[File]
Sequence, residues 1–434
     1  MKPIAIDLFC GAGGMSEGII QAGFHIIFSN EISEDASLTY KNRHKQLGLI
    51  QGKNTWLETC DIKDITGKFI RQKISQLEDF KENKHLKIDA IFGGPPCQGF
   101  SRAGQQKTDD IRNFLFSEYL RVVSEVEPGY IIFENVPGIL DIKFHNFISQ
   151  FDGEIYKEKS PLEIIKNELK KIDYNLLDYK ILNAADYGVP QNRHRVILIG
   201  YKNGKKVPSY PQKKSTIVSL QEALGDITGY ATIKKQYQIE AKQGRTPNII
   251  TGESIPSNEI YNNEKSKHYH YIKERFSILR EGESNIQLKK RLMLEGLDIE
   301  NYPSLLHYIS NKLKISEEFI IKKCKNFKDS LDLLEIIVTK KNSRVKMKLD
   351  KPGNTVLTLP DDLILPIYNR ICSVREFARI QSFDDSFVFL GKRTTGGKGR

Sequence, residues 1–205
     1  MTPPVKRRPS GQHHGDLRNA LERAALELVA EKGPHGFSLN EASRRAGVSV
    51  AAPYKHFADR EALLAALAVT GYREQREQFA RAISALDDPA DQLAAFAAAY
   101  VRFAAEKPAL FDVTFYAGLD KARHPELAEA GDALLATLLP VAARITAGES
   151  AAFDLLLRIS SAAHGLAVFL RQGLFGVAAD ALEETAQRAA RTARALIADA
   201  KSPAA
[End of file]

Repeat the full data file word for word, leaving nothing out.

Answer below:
Sequence, residues 1–434
     1  MKPIAIDLFC GAGGMSEGII QAGFHIIFSN EISEDASLTY KNRHKQLGLI
    51  QGKNTWLETC DIKDITGKFI RQKISQLEDF KENKHLKIDA IFGGPPCQGF
   101  SRAGQQKTDD IRNFLFSEYL RVVSEVEPGY IIFENVPGIL DIKFHNFISQ
   151  FDGEIYKEKS PLEIIKNELK KIDYNLLDYK ILNAADYGVP QNRHRVILIG
   201  YKNGKKVPSY PQKKSTIVSL QEALGDITGY ATIKKQYQIE AKQGRTPNII
   251  TGESIPSNEI YNNEKSKHYH YIKERFSILR EGESNIQLKK RLMLEGLDIE
   301  NYPSLLHYIS NKLKISEEFI IKKCKNFKDS LDLLEIIVTK KNSRVKMKLD
   351  KPGNTVLTLP DDLILPIYNR ICSVREFARI QSFDDSFVFL GKRTTGGKGR

Sequence, residues 1–205
     1  MTPPVKRRPS GQHHGDLRNA LERAALELVA EKGPHGFSLN EASRRAGVSV
    51  AAPYKHFADR EALLAALAVT GYREQREQFA RAISALDDPA DQLAAFAAAY
   101  VRFAAEKPAL FDVTFYAGLD KARHPELAEA GDALLATLLP VAARITAGES
   151  AAFDLLLRIS SAAHGLAVFL RQGLFGVAAD ALEETAQRAA RTARALIADA
   201  KSPAA